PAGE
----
Roger Harvey

A Bit of Glamour

Collecting me from school in the big car
“Look at Harvey’s mother smoking cigars!”
I was happy to be taken away
into my cosy, fragrant world, so far
from brutish schoolboys and cold games,
where home and holiday excited me.

“I’ll give Bardot a run for her money
‒even if I never look like her,”
My mother drove from Nice to St Tropez,
barefoot in that holiday’s Wolseley,
hot lipstick on her Spanish cigarillo.
Later she threw off her dress just to say
she drove the Grande Corniche in a bikini:
a little tight in the relentless heat,
but going topless was never her style.
“You need clothes for a bit of glamour.”

She chose them well for Foxtrot and Quickstep,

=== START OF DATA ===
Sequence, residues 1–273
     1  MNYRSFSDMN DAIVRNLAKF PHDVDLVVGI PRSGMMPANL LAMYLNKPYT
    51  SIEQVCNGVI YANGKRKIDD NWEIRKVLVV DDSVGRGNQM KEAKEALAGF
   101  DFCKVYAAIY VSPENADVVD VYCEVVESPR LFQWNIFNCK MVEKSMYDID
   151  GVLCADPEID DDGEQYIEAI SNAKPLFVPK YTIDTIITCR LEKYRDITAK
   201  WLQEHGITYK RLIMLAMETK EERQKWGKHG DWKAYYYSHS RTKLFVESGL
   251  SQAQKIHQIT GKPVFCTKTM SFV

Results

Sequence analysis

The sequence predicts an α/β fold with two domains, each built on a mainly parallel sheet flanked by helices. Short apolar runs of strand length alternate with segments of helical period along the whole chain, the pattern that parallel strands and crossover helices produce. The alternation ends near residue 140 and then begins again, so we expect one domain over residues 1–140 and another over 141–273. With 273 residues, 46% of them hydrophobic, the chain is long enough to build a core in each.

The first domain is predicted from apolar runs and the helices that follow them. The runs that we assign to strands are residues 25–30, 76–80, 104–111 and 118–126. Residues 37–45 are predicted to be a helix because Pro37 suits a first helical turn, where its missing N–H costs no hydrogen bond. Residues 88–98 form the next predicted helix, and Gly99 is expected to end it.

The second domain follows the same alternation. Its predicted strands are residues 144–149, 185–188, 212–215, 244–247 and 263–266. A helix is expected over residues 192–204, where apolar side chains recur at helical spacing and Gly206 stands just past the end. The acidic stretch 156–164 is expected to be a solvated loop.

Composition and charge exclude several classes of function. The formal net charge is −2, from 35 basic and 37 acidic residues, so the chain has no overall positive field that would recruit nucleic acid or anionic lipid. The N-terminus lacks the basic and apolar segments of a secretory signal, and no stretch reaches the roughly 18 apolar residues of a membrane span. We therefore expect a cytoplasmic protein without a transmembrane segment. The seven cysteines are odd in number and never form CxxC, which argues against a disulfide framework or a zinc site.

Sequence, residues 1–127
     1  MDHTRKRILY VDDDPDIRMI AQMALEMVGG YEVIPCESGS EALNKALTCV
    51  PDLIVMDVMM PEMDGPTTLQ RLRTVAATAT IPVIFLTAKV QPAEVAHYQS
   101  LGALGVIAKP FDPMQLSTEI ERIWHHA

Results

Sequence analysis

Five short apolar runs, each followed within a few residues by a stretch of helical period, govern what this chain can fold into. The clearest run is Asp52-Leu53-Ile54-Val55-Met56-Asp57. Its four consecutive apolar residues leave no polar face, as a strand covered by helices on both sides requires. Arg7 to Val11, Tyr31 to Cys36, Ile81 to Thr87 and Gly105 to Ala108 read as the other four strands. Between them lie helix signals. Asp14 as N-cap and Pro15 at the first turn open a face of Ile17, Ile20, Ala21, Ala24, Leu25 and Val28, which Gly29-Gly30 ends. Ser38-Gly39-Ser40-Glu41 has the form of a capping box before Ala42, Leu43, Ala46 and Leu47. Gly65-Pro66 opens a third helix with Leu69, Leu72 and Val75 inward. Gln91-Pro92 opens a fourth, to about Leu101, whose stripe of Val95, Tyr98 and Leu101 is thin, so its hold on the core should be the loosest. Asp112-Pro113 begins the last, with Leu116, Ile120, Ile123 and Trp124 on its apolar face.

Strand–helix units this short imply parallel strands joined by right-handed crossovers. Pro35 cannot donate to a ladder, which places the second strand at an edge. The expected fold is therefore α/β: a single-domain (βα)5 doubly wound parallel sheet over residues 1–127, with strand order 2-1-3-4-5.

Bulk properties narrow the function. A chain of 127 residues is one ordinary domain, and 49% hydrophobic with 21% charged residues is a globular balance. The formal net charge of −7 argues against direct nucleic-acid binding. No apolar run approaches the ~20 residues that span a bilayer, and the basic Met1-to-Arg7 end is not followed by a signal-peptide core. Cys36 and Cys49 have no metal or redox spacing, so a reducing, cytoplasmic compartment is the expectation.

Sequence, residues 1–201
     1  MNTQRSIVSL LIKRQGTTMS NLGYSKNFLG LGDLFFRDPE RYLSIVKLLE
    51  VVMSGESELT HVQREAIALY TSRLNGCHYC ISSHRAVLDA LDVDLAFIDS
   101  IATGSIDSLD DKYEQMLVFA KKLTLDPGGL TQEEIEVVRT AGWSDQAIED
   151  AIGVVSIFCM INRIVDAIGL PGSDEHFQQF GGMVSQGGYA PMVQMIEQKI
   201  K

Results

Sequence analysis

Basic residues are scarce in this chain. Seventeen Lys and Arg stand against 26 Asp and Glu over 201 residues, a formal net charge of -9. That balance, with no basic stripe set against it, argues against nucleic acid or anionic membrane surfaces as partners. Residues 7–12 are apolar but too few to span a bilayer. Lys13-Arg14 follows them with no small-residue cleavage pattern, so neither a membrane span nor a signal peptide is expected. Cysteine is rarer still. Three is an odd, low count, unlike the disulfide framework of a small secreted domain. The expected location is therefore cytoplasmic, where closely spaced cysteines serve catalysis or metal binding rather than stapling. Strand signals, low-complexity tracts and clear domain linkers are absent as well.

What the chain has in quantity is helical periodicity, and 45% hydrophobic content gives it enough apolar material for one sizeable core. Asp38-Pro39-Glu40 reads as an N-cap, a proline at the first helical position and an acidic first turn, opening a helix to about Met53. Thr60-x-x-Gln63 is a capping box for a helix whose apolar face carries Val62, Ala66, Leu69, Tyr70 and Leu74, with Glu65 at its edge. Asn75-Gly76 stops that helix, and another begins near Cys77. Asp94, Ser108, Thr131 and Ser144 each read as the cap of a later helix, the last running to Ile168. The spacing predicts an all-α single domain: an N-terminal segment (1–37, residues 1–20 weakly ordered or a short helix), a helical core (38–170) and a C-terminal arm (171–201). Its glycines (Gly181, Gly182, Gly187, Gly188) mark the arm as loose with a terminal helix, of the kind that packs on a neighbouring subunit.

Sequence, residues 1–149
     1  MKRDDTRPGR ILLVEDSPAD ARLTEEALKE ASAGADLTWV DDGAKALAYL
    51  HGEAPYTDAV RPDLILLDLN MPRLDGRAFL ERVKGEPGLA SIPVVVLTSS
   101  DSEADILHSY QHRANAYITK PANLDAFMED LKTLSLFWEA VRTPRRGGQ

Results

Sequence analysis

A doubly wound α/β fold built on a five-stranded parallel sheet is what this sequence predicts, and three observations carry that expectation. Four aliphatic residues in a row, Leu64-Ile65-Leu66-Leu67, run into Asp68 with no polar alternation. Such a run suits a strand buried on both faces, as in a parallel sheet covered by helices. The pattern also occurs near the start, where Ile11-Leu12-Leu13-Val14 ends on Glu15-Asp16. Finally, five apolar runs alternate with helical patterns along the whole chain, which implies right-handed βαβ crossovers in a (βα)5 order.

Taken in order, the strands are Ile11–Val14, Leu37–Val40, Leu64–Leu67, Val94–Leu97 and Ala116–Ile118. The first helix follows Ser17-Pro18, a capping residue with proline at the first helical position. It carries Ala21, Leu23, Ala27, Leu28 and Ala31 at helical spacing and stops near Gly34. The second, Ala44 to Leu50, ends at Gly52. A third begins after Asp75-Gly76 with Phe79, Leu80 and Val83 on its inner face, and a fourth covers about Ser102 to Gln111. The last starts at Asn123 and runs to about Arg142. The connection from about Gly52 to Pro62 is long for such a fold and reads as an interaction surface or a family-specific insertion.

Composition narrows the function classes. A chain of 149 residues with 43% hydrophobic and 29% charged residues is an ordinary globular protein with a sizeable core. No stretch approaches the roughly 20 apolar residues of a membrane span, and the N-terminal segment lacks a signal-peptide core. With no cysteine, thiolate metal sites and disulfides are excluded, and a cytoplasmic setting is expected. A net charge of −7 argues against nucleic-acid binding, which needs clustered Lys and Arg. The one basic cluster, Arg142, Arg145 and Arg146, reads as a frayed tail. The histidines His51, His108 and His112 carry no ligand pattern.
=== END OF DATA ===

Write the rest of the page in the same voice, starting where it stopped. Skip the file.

then loved relaxing with a Café Crème
by Henri Wintermans; the Dutch cigar
was perfect with a coffee and her dreams.

Those times were her idea of earthly bliss.
(Didn’t believe in Heaven; never could).
“The fun is all down here; go for it, boy.
Nothing wrong with a bit of glamour.”

Poet, novelist and scriptwriter Roger Harvey, born 1953, and lives in Newcastle. He took a degree in Law and worked as a teacher of English, History and Drama before becoming a full-time writer. He was the first poet to read on BBC Radio 1 and was sometime Editor of Poetry North-East magazine. His published works include the historical novels and Poet on the Road, an intimate travelogue of his poetry-reading tour across the U.S.A. His other interests include music, photography, walking, and classic cars.